The post-Cold War world environment has complicated rather than simplified the missions, strategy, and organization of the Armed Forces. Rapid downsizing after the fall of the Soviet Union and the Allied victory in the Persian Gulf War left a military lacking strategic direction, a thoughtful force structure, and a logical threat upon which to base future force structure.
This environment will not permit the luxury of a strategic pause. Allowing the new world order to arrange itself could present the Nation with an unforeseen threat that it cannot handle. To prevent such an eventuality, the military must address several challenges: the number of nontraditional threats, financing a military capable of meeting all the potential challenges it may face, the need to reform itself to handle rapid developments in technology, and interagency reform in coordination with military reform so that the full weight of national power can be brought to bear against adversaries.
A deliberate process of military transformation must account for the need for public support, which is essential for such a process to succeed. Transformation would encompass several areas: developing a realistic strategic direction; reviewing personnel recruitment and retention; understanding the implications of joint and combined warfare for organization, structure, core competencies, and operational concepts; revamping national security advisory and decisionmaking processes; and assessing the effects of technological and social changes on the military.
The fall of the Berlin Wall in 1989, more than any other event, marked the collapse of the Soviet Union. I remember crossing through a vacant Checkpoint Charlie into East Berlin. No one on either side knew quite what we could or could not do, since it all happened so fast. The confusion and stark contrast between East and West Berlin made it hard to believe that we had once feared this collapsed Warsaw Pact or seen it as a serious global competitor. The West always contended that communism was a fundamentally flawed system that would eventually fail. Despite that belief, we were caught by surprise by the sudden and total end of the Soviet empire and the system that governed half the world. At the time, our President proudly drew what appeared to be the logical conclusion from these events: that there was to be a new world order. Others talked of reaping a peace dividend, since defense spending surely could be reduced.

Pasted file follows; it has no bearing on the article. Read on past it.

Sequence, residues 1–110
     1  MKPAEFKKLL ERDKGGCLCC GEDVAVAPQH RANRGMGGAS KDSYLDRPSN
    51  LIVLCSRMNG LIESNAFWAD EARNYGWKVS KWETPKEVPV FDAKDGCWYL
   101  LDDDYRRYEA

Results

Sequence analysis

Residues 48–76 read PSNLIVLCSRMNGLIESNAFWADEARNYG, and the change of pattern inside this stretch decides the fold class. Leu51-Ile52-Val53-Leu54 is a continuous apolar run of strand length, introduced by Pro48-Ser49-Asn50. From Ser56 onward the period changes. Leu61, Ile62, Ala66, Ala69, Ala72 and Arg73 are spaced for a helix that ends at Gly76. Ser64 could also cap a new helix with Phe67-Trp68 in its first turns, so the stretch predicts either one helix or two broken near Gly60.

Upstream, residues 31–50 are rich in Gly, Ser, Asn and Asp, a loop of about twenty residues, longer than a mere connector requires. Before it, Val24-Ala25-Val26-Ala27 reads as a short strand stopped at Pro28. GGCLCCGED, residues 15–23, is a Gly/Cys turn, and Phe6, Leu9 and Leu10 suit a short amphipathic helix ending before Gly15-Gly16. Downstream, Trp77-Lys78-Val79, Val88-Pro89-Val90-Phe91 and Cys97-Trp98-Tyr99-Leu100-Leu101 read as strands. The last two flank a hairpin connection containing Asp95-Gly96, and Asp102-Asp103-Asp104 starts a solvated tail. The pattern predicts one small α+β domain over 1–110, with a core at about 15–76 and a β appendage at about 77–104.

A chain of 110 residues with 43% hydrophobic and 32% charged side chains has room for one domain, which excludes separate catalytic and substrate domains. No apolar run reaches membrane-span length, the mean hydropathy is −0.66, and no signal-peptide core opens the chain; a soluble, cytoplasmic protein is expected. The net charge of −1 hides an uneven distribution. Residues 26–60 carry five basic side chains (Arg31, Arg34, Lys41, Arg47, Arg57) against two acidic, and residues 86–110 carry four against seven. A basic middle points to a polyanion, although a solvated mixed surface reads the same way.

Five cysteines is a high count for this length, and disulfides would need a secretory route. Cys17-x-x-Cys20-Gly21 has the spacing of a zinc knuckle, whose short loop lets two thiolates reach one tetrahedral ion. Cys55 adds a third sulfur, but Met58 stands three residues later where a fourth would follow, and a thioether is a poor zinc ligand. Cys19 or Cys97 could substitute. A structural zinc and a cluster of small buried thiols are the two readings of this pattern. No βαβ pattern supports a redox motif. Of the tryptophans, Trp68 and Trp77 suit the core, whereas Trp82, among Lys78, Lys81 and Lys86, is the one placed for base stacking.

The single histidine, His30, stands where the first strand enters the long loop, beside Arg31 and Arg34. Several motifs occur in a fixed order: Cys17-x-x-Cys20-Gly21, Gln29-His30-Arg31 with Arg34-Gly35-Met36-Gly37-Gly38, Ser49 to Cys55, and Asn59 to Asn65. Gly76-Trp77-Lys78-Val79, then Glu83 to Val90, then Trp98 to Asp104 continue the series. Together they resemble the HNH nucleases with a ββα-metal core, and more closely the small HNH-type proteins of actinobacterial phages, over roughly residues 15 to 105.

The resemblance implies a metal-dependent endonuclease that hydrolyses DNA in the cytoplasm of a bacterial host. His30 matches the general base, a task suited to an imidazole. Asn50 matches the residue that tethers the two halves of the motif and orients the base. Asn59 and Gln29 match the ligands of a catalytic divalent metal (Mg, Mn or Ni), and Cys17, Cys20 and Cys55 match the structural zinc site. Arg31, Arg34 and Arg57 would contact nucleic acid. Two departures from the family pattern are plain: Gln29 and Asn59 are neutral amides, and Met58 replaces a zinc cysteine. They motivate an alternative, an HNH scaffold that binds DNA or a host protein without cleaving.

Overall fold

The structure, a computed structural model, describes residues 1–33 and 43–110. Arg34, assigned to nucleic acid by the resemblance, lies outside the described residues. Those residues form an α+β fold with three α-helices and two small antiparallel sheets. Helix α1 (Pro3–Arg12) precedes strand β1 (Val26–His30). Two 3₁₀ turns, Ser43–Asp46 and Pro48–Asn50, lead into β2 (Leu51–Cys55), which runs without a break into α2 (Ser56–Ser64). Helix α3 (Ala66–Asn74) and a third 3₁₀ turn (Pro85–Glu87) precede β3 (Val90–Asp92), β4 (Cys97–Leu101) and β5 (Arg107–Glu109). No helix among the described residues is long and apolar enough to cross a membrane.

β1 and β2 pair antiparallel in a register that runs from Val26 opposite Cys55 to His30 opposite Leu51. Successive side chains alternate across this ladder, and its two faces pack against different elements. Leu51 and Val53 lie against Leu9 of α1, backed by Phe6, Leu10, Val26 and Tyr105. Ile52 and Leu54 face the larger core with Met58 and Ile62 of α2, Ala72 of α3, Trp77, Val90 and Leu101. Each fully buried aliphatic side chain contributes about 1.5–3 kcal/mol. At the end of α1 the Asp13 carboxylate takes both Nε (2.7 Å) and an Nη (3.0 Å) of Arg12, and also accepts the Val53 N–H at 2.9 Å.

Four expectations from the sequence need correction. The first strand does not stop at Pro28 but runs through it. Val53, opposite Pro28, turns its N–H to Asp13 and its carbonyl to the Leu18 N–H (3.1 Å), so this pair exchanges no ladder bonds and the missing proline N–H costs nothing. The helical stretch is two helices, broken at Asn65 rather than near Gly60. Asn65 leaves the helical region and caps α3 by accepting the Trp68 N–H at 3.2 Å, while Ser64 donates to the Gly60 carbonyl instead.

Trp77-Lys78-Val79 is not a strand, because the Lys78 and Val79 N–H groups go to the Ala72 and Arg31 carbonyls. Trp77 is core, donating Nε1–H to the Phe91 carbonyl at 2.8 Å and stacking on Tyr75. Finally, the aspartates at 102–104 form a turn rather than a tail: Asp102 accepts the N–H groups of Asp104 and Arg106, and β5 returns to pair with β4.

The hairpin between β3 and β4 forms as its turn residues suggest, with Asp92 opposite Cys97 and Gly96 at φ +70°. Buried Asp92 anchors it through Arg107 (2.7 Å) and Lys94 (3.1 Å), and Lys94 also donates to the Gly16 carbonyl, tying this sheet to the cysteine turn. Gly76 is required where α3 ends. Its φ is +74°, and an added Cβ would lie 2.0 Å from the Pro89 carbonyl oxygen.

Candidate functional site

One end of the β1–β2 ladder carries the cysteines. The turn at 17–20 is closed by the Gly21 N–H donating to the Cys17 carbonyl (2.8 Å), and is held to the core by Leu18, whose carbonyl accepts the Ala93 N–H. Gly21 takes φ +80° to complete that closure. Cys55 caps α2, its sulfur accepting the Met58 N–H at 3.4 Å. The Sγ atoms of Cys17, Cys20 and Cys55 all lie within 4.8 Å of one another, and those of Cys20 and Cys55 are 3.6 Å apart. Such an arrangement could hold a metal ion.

Our Nation made a half-hearted attempt to reprise the Marshall Plan by trying to help the former Soviet Union, as it was then known, through the looming political and economic crisis that it faced. The effort was called Operation Provide Hope. It was conceived by the Secretary of State to encourage international contribution of resources and advisors to help the former Soviet Union enter the world of democracy and free market economy. Also established was a military-to-military program designed to build relations with the Russian military and help it through the transition. Those of us involved were disappointed as interest in these efforts by nations, including our own, seemed to fizzle. The lessons of two world wars seemed forgotten as our attention turned inward to domestic concerns and as the world breathed a collective sigh of relief after a half-century under the threat of global destruction. Provide Hope seemed to be an uneasy recognition that the world just might not reorder itself in positive ways.
Cold War Finale
As if to punctuate the end of this historic era and mark the last days of the most powerful forces ever fielded, we were given one final chance to demonstrate the might of our Cold War-era military machine against the forces of Saddam Hussein. The superiority of our technology, soldier skills, and military leadership completely dominated the Soviet surrogate force fielded by the Iraqis. …